Being on the outside of the fanfare surrounding Fall Out Boy, Bring Me the Horizon and all the other merry bunches and bits, is a blissful life. So Much (For) Stardust will do so much for those many who do not have personalities. That is the beauty of music. Apply thirteen tracks to that empty hole where the heart and soul should be and coast off of it until either the band breaks up, is cancelled or turns on their fans. None has hit Fall Out Boy yet, beyond some Kerrang reports of being sued by puppeteers. Rock and roll. Neal Avron, back in the producing saddle and waxing off all those nostalgic charms lost on grubby northerners who were listening to The Hoosiers’ Trick to Life instead of Folie à Deux.
But the idle sounds that spring from So Much (For) Stardust are unreliable to those not already deeply invested in the growth and shape of Fall Out Boy. Winnetkaland should be razed to the ground. To their credit, that is a bit harsh to level at Love From The Other Side, a decent and operatic beginning to So Much (For) Stardust. But that opening song is a red herring, and what follows is nothing short of horrendous. There are hints on that opening track that something is missing. Lyrically, the tracks are empty, clawing at some relevancy twenty years on from having it. Their failure to move their image on has knocked Fall Out Boy and their music suffers from that misplaced confidence in embarrassing-yet-emotive imagery.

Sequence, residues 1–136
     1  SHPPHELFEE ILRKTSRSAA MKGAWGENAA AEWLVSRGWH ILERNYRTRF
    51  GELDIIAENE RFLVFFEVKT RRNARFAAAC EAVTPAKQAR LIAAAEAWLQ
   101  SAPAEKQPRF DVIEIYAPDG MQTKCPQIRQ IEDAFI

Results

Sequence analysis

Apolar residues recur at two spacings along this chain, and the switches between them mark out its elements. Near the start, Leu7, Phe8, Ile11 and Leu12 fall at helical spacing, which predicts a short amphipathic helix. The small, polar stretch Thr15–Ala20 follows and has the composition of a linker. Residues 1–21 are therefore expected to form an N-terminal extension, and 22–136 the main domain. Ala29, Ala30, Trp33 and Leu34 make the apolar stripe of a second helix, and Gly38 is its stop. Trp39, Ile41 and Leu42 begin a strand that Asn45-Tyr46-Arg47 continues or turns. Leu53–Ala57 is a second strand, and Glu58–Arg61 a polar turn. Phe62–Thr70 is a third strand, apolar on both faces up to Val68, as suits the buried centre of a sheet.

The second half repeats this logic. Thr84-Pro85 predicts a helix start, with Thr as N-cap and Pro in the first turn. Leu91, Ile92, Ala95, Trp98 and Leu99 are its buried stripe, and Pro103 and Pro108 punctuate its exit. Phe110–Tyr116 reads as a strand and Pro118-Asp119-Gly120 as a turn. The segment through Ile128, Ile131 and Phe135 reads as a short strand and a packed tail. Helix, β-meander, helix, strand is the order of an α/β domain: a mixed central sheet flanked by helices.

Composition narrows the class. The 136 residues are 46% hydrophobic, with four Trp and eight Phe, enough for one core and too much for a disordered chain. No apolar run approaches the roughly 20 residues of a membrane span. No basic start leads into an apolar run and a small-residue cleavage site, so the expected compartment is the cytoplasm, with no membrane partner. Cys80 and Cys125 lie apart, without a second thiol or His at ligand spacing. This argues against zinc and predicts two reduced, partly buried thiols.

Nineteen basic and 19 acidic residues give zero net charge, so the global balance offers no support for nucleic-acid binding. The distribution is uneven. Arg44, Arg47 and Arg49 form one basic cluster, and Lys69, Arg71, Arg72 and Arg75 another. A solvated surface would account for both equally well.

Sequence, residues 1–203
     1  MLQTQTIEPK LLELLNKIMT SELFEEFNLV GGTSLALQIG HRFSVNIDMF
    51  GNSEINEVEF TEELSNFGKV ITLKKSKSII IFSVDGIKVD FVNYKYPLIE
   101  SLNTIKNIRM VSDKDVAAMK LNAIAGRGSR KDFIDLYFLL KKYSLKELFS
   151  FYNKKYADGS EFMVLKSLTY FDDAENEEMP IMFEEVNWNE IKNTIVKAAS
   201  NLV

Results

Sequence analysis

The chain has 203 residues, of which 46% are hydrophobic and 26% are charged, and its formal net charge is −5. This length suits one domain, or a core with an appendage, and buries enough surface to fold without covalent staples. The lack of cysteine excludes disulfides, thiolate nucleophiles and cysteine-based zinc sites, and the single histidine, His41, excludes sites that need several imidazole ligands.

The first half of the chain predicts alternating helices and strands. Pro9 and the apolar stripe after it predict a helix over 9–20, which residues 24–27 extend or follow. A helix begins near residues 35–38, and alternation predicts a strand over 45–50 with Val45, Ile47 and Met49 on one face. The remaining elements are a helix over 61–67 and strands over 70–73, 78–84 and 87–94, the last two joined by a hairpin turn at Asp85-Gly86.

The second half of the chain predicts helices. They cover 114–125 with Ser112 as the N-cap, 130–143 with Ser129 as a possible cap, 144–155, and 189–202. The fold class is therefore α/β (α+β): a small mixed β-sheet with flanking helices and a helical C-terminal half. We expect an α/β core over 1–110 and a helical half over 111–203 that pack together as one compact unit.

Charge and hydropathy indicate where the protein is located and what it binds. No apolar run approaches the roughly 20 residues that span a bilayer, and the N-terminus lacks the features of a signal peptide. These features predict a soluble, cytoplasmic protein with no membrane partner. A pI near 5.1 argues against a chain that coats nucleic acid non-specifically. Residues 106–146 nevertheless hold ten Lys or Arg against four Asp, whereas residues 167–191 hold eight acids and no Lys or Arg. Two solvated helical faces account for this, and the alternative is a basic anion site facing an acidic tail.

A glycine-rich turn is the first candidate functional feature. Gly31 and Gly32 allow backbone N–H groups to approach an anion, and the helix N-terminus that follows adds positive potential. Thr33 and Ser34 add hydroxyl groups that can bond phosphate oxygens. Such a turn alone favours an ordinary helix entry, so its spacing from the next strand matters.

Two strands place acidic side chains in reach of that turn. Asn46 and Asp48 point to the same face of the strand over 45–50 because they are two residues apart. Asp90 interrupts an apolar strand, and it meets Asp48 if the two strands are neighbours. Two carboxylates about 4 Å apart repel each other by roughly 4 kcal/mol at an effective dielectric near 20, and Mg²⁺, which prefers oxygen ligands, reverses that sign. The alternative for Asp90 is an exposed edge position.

Emo-pop gets a bad rap for its generic sway toward feeling sad and needing to justify it. But Fall Out Boy and their pivot into power pop is a shrug of the shoulders at that. Now, it is just sad music affecting the same people but without the excuses of the murky mid-2000s to explain away their iconography. Heartbreak Feels So Good is objectively standard at best, crying now and later and held together by a vague and indifferent guitar piece. Fall Out Boy is still convinced they can make straight pop work, and although there are hints of their roots here, it is shrouded in self-doubt. Straight-shooting dullard tracks mark the rest of the album as a conscious snooze. Heaven, Iowa dares to imply the pearly gates reside where Slipknot hails from.
Beyond allusions to the divine though, Fall Out Boy find themselves half-heartedly playing with the same few emotions they have studied on their tracks over and over. Star-crossed lovers here, fighting for the good feeling there. Although So Much (For) Stardust is as generic as it gets, it does have some fun little moments within. Those pockets are worth sticking around for, a fine enough album that shifts Fall Out Boy away from those pre-proposed stereotypes of the emo-pop genre. They have ditched that almost entirely and are now travelling down the very generic, broader strokes of upbeat rock. It works, for now, anyway. Where it may be So Good Right Now, as one of their titles suggests, there is a lack of longevity to the project and the songs within. Still, ripping off the feel Chris Cornell stuck to his first album is a bold and fascinating move for a band usually tied to the most annoying of all rock tracks, Sugar, We’re Goin Down.